KING OLAF’S KINSMAN
A Story of the Last Saxon Struggle Against the Danes in the Days of Ironside and Cnut
by Charles W. Whistler
Chapter 1: The Coming Of The Vikings.
Chapter 2: Olaf The King.
Chapter 3: The Breaking Of London Bridge.
Chapter 4: Earl Wulfnoth Of Sussex.
Chapter 5: How Redwald Fared At Penhurst.
Chapter 6: Sexberga The Thane’s Daughter.
Chapter 7: The Fight At Leavenheath.
Chapter 8: The White Lady Of Wormingford Mere.
Chapter 9: The Treachery Of Edric Streone.
Chapter 10: The Flight From London.
Chapter 11: The Taking Of The Queen.
Chapter 12: Among Friends.
Chapter 13: Jealousy.
Chapter 14: The Last Great Battle.
Chapter 15: The Shadow Of Edric Streone.
Chapter 16: By Wormingford Mere.
No English chronicler mentions the presence of King Olaf the Saint in England; but the two churches dedicated to him at either end of London Bridge, where his greatest deed was wrought, testify to the gratitude of the London citizens towards the viking chief who rescued their city from the Danes, and brought back the king of their own race towards whom their loyalty was so unswerving.
The deeds of King Olaf recorded in this story of his kinsman are therefore from the Norse “Saga of King Olaf the Holy,” and the various incidents are assigned as nearly as may be to their place in the sequence of events given from the death of Swein to the accession of Cnut, in the contemporary Anglo-Saxon Chronicle, which is our most reliable authority for the period.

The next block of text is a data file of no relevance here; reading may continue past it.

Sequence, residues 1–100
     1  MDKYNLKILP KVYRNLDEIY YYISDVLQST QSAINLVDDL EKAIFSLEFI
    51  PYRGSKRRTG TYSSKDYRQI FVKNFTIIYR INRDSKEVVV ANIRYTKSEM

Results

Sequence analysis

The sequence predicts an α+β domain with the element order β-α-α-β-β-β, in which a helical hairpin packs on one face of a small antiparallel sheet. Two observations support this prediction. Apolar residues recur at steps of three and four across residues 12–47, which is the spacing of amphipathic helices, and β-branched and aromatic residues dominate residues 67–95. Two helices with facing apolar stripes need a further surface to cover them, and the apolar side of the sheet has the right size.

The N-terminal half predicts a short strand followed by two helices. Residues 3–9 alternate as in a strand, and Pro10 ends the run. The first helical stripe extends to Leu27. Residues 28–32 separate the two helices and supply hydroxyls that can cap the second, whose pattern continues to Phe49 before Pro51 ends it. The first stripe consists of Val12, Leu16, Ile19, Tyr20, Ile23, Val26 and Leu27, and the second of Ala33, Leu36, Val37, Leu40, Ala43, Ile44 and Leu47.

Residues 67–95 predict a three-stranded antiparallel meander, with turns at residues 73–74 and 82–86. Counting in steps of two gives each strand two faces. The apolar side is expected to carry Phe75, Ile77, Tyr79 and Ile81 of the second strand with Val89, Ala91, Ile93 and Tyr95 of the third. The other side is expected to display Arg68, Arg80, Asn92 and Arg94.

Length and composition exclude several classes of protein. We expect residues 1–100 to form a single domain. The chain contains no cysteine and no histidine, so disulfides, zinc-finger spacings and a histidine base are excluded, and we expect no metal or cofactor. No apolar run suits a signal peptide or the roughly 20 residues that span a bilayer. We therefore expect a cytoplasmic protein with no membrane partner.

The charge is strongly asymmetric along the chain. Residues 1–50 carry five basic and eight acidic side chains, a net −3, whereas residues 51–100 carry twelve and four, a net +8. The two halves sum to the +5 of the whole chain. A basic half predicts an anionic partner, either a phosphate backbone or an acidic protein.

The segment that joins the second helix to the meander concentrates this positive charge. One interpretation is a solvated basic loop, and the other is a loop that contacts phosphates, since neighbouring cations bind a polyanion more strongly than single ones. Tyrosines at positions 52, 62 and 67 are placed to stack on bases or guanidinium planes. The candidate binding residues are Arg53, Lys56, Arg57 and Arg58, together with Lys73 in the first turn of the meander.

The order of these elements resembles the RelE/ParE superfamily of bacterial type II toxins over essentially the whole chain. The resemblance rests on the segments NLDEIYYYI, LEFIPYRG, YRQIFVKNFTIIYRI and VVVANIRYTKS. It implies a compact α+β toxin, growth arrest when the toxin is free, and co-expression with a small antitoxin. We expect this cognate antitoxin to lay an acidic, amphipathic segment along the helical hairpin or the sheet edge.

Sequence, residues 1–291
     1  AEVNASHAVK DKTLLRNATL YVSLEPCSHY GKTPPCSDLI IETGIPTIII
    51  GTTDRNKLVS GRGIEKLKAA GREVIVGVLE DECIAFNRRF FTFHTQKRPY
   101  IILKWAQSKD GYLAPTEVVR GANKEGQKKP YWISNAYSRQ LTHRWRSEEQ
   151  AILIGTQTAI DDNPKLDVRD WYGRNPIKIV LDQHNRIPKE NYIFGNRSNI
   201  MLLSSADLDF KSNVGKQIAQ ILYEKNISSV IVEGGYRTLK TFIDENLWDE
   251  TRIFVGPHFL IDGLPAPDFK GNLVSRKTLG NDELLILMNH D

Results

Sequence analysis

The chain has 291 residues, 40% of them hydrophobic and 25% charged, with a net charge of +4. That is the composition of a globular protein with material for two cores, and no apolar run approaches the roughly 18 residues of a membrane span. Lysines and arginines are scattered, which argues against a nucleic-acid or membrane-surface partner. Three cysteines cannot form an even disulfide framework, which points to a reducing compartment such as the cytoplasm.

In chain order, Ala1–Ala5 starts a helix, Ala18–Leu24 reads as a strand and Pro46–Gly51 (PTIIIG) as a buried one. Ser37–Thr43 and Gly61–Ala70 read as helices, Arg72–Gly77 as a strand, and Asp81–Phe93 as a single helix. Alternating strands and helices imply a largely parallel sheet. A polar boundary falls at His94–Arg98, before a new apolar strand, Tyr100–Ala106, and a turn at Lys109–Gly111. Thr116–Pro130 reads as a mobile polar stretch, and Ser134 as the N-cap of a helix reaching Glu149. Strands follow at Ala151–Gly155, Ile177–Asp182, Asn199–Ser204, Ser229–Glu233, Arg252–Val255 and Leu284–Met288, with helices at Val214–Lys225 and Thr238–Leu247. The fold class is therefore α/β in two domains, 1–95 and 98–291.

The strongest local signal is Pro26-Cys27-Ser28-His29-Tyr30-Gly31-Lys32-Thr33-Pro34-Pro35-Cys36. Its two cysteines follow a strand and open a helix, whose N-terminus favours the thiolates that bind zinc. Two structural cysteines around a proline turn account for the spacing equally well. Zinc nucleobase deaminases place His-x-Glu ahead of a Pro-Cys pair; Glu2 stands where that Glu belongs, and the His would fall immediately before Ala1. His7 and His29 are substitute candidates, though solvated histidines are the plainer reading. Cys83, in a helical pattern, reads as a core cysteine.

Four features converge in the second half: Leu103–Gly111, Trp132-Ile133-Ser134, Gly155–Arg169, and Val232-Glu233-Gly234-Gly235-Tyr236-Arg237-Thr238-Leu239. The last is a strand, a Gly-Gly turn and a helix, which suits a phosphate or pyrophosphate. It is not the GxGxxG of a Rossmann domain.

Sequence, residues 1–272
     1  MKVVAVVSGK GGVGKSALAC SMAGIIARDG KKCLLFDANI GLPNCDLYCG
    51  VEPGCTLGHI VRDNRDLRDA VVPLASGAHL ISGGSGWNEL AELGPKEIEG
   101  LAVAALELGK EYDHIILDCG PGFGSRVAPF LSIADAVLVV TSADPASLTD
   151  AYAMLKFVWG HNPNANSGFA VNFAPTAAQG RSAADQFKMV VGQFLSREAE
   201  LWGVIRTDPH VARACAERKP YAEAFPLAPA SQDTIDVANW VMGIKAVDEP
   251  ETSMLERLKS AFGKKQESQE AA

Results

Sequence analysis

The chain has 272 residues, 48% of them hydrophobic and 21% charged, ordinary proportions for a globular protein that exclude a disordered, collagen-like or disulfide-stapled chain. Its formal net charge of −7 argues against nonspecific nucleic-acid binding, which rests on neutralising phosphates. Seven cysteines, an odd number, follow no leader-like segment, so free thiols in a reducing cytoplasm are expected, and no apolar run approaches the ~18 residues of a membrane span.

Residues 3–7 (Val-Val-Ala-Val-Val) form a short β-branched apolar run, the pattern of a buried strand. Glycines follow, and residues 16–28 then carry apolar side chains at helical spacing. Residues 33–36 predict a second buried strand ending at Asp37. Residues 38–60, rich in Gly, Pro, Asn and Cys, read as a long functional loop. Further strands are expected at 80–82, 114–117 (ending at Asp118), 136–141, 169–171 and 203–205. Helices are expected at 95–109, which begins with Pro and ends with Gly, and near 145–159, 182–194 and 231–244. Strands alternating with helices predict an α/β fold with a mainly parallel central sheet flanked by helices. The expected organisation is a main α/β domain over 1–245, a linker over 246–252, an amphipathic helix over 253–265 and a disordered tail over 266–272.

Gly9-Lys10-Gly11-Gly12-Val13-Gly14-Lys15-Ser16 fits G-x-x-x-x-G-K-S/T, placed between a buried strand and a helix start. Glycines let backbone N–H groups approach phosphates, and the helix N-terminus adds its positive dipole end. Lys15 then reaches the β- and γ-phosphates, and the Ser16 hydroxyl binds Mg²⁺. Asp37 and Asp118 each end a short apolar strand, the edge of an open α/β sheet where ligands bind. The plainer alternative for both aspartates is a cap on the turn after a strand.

The place where King Olaf fought his seventh battle, “Ringmereheath in Ulfkyl’s land,” is doubtful. To have localized it, therefore, on a traditional battlefield in Suffolk, where a mound and field names point to a severe forgotten fight in the line which a southern invader would take between Colchester and Sudbury, may be pardonable for the purposes of Redwald’s story.
With regard to other historic incidents in the tale, some are from the Danish “Knytlinga” and “Jomsvikinga” Sagas, which alone give us the age of Cnut on his accession to the throne, and recount the interception of Queen Emma by Thorkel’s men on her projected flight. In the ordinary course of history the age of the wise king is disregarded, and the doings of the three great jarls are naturally enough credited to him, for after the first few years of confusion have been passed over, he takes his place as the greatest of our rulers since Alfred, and his age is forgotten in his wonderful policy.
The doings of Edric Streone are partly from the hints give by the Anglo-Saxon Chronicle, and partly from the accounts of later English writers. But there is no chronicle of either English, Danish, or Norse origin which does not hold him and his treachery in the utmost scorn.